It’s fun to pretend to be afraid while children and grandchildren run around in costumes for one day each year. Which scares you the most—ghosts? Clowns? How about zombies? One study from 2014 found that clowns are scarier than ghosts, but zombies are scarier than both.

Overall, the fear of zombies is fairly low, given they were listed by only 9% of those surveyed. Instead, the top fears were public speaking, heights, snakes, drowning, and blood/needles, in that order.

When fears become chronic, they may be classified as phobias by the American Psychiatric Association. The National Institute of Mental Health suggests phobias affect approximately 10% of US adults each year. Many phobias have scientific names, one of which is well-known due to the Hollywood horror movie, “Arachnophobia.”

In no particular order, here are some common phobias:



Arachnophobia is the fear of spiders. (See, you knew that one.) This phobia affects an estimated 1 in 3 women and 1 in 4 men.



Ophidiophobia is the fear of snakes. (Is a creature with no legs scarier than a creature with eight?)



Acrophobia is the fear of heights. This phobia impacts more than 6% of people.



Cynophobia is the fear of dogs. (How is that even a thing, you may ask. It’s usually brought on by a bad dog experience in childhood.)



Trypanophobia is the fear of injections and hypodermic needles.



Aerophobia is the fear of flying, which affects between 10% to 40% of US adults despite the fact that airplane accidents are actually very uncommon.



Astraphobia is the fear of thunder and lightning.



Agoraphobia is the fear that environments outside the home are unsafe. Two-thirds of those affected by this phobia are women.



Mysophobia is the excessive fear of germs and dirt. Think Howard Hughes.


In Conclusion

There are hundreds of phobias which have been classified; people can develop a phobia of almost anything. As society changes, new phobias emerge. For instance, nomophobia is the fear of being without a cell phone or computer.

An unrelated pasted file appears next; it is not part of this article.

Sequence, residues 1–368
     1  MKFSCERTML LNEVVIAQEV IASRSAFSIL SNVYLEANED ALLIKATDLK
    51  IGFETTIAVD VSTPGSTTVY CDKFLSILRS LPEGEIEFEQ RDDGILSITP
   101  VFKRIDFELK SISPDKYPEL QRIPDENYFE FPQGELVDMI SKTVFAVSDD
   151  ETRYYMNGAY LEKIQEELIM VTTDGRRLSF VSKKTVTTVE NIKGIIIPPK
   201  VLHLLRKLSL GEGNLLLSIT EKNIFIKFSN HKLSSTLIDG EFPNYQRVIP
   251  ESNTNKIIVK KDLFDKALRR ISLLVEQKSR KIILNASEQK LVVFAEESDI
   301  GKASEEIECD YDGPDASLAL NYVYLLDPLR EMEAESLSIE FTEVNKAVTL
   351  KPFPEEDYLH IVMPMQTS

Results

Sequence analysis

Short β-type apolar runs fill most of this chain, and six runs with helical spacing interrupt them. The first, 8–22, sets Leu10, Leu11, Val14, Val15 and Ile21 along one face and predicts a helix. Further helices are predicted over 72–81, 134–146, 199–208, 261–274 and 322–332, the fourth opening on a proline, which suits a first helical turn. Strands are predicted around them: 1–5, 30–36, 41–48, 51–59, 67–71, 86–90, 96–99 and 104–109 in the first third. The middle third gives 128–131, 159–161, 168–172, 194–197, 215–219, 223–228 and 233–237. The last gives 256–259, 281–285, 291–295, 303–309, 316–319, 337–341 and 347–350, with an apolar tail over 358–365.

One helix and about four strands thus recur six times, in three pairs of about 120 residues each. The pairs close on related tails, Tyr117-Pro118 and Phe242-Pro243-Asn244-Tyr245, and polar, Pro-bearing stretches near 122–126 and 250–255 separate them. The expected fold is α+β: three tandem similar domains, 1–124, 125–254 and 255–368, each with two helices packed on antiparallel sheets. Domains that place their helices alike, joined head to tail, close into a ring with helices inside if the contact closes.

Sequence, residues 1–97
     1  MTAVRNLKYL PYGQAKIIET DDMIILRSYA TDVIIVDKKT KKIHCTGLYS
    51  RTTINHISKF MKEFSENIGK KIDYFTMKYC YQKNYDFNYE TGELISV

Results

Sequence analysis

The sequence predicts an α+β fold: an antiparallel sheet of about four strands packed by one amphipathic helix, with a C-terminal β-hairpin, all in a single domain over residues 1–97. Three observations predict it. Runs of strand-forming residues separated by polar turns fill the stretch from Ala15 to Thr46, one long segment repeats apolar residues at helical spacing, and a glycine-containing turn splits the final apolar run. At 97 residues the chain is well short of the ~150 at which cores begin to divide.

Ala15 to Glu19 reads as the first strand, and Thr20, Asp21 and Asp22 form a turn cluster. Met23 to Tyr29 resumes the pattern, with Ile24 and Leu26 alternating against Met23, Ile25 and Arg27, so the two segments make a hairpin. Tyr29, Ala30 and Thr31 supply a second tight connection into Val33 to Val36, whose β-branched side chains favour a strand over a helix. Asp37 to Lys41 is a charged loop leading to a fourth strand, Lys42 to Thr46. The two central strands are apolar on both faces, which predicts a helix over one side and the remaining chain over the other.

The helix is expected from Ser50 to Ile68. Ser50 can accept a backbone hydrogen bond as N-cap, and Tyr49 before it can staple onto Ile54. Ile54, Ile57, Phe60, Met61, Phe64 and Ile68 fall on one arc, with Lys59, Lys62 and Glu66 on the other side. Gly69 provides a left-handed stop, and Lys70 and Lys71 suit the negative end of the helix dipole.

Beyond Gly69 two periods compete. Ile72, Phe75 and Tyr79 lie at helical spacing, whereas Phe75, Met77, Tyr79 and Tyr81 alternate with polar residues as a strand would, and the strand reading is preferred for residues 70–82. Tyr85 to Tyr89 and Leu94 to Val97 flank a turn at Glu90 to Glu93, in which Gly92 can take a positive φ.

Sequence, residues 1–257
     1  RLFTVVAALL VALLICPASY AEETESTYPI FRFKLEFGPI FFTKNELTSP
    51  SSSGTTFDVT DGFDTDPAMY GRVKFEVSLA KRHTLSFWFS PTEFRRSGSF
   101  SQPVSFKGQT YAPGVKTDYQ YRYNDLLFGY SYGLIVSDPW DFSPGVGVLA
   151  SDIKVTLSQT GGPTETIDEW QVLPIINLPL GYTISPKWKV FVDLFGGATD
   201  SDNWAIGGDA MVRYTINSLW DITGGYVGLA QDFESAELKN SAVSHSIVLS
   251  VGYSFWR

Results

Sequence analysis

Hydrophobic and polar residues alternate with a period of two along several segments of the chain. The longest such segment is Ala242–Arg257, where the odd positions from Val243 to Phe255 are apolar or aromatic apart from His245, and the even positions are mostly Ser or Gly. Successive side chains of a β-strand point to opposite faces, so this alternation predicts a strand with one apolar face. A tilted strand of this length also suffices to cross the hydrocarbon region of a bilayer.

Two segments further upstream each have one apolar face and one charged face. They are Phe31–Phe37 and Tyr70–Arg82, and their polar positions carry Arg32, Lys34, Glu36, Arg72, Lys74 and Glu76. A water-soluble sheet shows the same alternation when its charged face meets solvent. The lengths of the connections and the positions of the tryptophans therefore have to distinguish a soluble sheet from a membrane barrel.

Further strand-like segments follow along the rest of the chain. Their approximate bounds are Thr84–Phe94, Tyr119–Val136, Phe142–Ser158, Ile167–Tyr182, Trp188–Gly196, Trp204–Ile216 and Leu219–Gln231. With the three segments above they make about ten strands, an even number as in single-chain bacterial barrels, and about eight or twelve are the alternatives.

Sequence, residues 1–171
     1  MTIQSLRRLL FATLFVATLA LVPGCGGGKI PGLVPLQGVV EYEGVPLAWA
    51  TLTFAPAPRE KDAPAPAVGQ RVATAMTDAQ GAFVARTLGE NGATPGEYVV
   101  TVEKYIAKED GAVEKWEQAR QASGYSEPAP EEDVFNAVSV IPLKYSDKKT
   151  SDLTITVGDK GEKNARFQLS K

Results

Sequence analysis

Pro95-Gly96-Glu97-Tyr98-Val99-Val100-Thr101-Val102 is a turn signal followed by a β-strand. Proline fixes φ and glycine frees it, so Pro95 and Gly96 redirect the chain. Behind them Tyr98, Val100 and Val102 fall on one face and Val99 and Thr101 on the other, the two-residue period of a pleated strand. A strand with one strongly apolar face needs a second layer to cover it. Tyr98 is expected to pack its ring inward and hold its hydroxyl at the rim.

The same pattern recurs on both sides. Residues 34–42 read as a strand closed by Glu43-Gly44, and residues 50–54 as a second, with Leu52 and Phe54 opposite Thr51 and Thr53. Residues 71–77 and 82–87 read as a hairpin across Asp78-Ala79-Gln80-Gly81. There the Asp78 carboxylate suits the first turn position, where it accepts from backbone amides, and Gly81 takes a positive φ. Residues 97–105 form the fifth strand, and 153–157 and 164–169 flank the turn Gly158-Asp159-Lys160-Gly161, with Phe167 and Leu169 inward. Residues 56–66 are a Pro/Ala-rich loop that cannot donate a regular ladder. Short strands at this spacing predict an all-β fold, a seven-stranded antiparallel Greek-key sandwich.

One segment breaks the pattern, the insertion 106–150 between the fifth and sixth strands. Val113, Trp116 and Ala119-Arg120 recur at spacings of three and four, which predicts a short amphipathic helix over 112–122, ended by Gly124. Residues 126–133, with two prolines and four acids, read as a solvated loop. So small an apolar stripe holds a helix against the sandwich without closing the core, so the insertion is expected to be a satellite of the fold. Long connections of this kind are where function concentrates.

In 2018, Chapman University did a comprehensive, in-depth study with 1,190 random adults across the US, which indicated Americans are becoming more afraid, and their fears have changed.

Now, the top fears in America include corrupt government officials, pollution, and not having enough money for the future. Climate change, fear of losing loved ones, and high medical bills were also in the top 10.

While some of these issues are outside anyone’s control, you can reduce some of your personal fears with solid financial planning. As Benjamin Franklin once said, “If you fail to plan, you are planning to fail.”

In particular, a good retirement plan can allay the fear of not having enough money for the future by helping you create reliable income that will last, no matter how long you live. A good plan will also help you address rising health care costs.

Decker Retirement Planning Inc. is a registered investment advisor in the state of Washington. Our investment advisors may not transact business in states unless appropriately registered or excluded or exempted from such registration. We are registered as an investment advisor in WA, ID, UT, CA, NV and TX. We can provide investment advisory services in these states and other states where we are exempted from registration.